Please DONATE to help with maintenance and upkeep of the Wind Repertory Project!

Leyla Saz

From Wind Repertory Project
Jump to navigation Jump to search
Leyla Saz

Biography

Leyla Saz, also called Leyla Hanimefendi (b. 1850, Istanbul, Turkey - 6 December 1936, Istanbul) was a Turkish composer, poet and writer.

Born in 1850 to a family of Ottoman aristocrats of Cretan Turkish origins, she was the daughter of İsmail Hakkı Pasha, (often called Hekim İsmail Pasha (İsmail Pasha the Doctor). She spent her childhood in the Dolmabahçe Palace as a member of the Imperial Harem. At the age of seven, she began taking piano lessons from an Italian pianist. After 1876, she studied Turkish music with Medini Aziz Efendiu. She also took private lessons in French, and later in ancient Greek and theology, while her father was the Ottoman governor of Crete.

She married Giritli Sırrı Pasha, a high-ranking Ottoman administrator of Cretan origin, who later became prime minister, and a poet in his own right. In line with her husband's appointments, she traveled across Anatolia and the Balkans. She settled in Istanbul after the death of her husband in 1895, and maintained close relations with the Ottoman palace.

From 1895 onward, she dedicated herself to poetry and music, in both the Turkish and European schools. She took piano lessons and hosted people of art and science in her mansion. She composed roughly 200 vocal and instrumental works, including a volume of over fifty songs, the texts of which were written by contemporary romantic poets. Her songs are strong in technique, emotional and closely faithful to the traditions of Ottoman classical music.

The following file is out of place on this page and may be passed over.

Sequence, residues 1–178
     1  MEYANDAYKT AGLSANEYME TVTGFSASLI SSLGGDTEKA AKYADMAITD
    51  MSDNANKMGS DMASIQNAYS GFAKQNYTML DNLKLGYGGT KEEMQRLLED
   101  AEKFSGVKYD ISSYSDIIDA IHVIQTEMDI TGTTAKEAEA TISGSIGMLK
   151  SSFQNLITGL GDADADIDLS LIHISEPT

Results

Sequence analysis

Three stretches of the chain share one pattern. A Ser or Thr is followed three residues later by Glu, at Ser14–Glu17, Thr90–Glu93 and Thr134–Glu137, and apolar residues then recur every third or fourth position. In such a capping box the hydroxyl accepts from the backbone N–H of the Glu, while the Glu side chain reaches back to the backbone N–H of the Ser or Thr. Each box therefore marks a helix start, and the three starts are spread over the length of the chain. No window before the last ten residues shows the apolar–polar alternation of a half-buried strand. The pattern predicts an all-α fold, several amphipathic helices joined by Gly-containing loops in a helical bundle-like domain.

Apart from being a composer in the tradition of Turkish classical music, she is also, through her memoirs written towards the end of her life, one of the primary first-hand sources available to historians on the Ottoman harem, in the late-19th century context of that institution. Leyla Hanım also wrote prose and published her memoirs, entitled The Imperial Harem of the Sultans: Memoirs of Leyla (Saz) Hanimefendi, which explained in plain details the inner life and stories of the Ottoman palace, which have been translated into English, among other languages. The original memoirs, along with many of her other works, were lost in a fire at her residence and were recreated.

She adopted the surname "Saz" (a family of Turkish musical instruments) in the frame of the 1934 Law on Family Names in Turkey.


Works for Winds


Resources